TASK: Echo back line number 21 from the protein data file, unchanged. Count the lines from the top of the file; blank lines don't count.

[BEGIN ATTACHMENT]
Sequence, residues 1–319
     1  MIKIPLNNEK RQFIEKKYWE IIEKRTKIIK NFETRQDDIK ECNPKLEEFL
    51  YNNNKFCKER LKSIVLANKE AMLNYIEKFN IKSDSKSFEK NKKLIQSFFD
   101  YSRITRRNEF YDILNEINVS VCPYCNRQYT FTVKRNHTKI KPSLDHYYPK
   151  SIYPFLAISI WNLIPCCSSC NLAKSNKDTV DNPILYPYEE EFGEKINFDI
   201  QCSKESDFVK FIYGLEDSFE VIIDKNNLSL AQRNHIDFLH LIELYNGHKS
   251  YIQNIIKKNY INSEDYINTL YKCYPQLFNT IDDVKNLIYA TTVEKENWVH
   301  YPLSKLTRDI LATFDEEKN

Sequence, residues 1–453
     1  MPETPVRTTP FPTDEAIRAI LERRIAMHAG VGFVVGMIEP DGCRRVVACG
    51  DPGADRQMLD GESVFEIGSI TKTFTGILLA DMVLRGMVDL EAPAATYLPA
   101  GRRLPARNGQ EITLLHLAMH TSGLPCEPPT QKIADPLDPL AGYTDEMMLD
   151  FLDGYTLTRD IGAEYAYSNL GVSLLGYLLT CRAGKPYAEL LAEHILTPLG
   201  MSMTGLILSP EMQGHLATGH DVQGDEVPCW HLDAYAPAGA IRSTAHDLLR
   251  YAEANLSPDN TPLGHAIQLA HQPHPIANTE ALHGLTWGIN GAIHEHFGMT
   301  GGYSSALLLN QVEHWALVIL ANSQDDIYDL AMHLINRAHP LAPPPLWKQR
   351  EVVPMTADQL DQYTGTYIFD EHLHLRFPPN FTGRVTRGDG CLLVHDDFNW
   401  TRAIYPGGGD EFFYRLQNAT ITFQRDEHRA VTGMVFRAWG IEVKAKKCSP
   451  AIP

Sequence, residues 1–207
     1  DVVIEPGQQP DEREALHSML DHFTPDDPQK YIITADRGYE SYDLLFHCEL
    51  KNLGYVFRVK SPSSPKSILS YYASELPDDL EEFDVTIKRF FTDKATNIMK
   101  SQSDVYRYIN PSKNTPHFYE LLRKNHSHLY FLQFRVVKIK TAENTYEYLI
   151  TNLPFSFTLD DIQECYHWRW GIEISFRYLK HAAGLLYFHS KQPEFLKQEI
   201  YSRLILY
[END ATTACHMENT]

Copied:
     1  DVVIEPGQQP DEREALHSML DHFTPDDPQK YIITADRGYE SYDLLFHCEL